Ten Years and a Thousand Books in Prison
A memoir of a decade in prison by a well-educated young addict known as the "Apologetic Bandit"
In 2003, fresh out of NYU, Daniel Genis was working in publishing as his writer father had always expected. But he was also hiding a serious heroin addiction that led him into debt and burglary. After he was arrested for robbing people at knifepoint in 2003, Daniel Genis was nicknamed the "apologetic bandit" in the press, given his habit of apologizing to his victims as he took their cash. He was sentenced to twelve years (ten with good behavior), surviving the decade by reading 1,046 books, weightlifting, having philosophical discussions with various inmates, encountering violence on a daily basis, working at a series of prison jobs, and in general observing an existence for which nothing in his life had prepared him.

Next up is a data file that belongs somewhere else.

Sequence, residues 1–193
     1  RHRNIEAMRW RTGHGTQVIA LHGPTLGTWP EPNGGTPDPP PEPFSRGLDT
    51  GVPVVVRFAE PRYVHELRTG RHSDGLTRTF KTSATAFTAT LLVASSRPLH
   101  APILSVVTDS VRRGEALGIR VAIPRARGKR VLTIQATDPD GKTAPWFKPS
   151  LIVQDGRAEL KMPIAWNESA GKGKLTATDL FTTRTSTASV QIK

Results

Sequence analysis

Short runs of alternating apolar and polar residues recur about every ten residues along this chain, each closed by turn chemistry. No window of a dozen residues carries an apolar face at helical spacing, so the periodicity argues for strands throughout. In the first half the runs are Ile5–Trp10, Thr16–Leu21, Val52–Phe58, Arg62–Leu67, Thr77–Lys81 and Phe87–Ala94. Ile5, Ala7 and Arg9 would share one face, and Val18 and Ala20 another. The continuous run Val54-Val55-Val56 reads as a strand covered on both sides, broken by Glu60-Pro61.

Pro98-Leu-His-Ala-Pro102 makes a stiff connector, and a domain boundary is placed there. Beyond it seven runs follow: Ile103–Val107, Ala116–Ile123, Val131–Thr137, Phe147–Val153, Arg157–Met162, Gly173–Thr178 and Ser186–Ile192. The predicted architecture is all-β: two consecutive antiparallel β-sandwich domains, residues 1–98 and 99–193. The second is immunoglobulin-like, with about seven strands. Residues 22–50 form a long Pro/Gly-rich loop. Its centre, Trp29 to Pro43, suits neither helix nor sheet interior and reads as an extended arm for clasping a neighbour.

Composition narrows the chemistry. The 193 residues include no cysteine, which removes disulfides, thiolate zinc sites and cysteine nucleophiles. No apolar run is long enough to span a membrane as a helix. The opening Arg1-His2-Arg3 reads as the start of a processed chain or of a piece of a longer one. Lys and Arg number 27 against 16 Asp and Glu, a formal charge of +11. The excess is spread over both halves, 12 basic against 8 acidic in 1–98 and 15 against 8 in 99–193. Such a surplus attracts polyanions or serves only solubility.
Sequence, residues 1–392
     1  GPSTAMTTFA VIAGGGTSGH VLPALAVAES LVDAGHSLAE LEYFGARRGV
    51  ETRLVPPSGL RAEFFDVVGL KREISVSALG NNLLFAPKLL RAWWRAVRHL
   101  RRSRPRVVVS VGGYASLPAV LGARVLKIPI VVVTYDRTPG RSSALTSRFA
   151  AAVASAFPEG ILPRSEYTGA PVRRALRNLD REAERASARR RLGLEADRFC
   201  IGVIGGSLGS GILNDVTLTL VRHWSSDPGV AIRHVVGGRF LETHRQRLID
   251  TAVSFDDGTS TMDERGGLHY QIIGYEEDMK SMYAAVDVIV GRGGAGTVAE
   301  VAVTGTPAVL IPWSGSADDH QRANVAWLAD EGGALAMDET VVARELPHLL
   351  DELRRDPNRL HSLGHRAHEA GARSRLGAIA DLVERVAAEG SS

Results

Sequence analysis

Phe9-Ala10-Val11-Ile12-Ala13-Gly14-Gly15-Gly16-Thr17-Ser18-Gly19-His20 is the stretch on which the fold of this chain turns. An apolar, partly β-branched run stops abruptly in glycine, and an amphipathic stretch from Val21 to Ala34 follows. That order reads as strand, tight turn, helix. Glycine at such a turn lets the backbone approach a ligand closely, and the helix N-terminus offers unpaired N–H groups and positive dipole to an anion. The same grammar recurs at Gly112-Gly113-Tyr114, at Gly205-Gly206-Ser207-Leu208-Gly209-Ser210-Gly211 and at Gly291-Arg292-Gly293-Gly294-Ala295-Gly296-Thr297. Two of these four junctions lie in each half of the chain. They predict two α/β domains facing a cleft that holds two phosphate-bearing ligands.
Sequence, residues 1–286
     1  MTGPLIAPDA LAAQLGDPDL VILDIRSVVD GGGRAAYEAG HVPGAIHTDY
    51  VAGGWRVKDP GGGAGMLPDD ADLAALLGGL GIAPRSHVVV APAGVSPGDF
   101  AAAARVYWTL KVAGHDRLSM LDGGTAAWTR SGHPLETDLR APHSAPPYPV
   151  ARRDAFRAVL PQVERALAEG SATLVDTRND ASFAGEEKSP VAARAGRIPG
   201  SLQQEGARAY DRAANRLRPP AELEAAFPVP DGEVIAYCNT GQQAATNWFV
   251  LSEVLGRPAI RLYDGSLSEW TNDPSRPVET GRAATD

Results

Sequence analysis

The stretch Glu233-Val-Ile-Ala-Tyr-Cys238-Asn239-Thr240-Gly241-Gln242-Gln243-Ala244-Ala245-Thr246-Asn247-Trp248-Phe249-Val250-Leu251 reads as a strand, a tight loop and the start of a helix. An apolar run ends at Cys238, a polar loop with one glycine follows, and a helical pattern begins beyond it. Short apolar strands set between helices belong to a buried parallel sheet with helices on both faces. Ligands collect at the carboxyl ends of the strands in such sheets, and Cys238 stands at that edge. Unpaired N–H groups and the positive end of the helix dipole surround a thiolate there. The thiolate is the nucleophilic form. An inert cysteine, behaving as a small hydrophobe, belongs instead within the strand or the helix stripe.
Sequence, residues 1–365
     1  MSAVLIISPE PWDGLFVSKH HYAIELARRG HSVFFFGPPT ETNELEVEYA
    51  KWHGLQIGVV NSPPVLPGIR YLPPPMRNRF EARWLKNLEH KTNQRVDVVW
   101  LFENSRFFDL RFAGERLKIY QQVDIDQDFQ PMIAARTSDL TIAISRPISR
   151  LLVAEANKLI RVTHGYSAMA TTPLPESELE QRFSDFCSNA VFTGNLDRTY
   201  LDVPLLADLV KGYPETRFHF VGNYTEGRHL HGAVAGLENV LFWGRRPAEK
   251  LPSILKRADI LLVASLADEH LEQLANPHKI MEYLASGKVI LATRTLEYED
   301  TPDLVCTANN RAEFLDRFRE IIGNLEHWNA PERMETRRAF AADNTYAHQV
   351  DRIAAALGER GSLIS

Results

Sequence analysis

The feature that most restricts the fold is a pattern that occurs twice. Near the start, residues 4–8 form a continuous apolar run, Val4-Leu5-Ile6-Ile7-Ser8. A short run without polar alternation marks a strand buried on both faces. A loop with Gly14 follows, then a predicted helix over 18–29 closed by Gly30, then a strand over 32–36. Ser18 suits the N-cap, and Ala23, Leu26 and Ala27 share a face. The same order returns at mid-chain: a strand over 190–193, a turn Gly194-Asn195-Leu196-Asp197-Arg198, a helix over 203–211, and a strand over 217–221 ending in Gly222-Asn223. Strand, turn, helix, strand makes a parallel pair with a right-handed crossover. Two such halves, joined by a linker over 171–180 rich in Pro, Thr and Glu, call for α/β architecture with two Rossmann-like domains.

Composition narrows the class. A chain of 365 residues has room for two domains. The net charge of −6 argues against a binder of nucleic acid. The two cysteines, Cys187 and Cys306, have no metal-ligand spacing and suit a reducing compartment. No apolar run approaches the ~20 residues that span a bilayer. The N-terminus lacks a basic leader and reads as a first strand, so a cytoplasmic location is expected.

Sentence is one of the most striking prison memoirs—and memoirs in general—in recent years—written with intelligence, wit, empathy, and remarkable style. Genis is the son of a famous Soviet émigré writer, broadcaster, and culture critic in Russia. He grew up in a home whose visitors included Mikhail Baryshnikov; Russian nuclear physicist Andrei Sakharov; authors Umberto Eco and Norman Mailer; and Czech film director Miloš Forman. The education and culture so prized by his family were his lifeline during his decade in prison, and he describes in unsparing and vivid detail the realities of daily life in the New York penal system, from Rikers Island through a series of upstate institutions. He learns about the social strata of gangs, the "court" system that sets geographic boundaries in prison yards, how sex was obtained, the black market of drugs and more practical goods, the inventiveness required for everyday tasks such as cooking, and how debilitating solitary confinement actually is—all while trying to preserve his relationship with his recently married wife.
Daniel Genis's debut has the potential to be both a critical and popular success, for few books have portrayed prison so vividly or with such insight.